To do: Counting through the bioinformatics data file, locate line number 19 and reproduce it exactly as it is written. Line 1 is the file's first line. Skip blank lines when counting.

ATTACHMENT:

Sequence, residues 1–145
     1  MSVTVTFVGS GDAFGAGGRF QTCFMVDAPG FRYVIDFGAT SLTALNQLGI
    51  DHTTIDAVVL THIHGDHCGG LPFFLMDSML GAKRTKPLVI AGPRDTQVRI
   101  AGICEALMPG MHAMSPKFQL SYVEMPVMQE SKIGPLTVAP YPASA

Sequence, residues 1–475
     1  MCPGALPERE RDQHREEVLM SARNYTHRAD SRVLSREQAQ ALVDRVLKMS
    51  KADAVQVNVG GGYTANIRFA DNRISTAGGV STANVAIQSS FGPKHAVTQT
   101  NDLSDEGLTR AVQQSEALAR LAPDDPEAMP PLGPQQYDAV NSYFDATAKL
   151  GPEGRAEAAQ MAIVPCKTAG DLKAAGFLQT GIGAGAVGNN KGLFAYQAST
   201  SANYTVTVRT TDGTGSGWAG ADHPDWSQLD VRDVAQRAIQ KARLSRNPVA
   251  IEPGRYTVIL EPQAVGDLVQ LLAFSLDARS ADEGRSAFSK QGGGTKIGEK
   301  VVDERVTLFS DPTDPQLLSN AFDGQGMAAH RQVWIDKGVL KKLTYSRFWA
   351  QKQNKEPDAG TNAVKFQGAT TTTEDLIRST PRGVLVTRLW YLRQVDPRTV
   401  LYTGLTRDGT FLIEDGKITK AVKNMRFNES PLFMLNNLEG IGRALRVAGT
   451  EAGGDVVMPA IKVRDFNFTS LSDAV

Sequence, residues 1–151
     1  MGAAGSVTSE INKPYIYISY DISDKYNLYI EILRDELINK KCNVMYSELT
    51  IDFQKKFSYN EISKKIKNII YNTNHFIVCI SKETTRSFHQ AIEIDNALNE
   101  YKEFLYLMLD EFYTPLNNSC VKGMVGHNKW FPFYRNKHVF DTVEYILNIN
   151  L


   101  YKEFLYLMLD EFYTPLNNSC VKGMVGHNKW FPFYRNKHVF DTVEYILNIN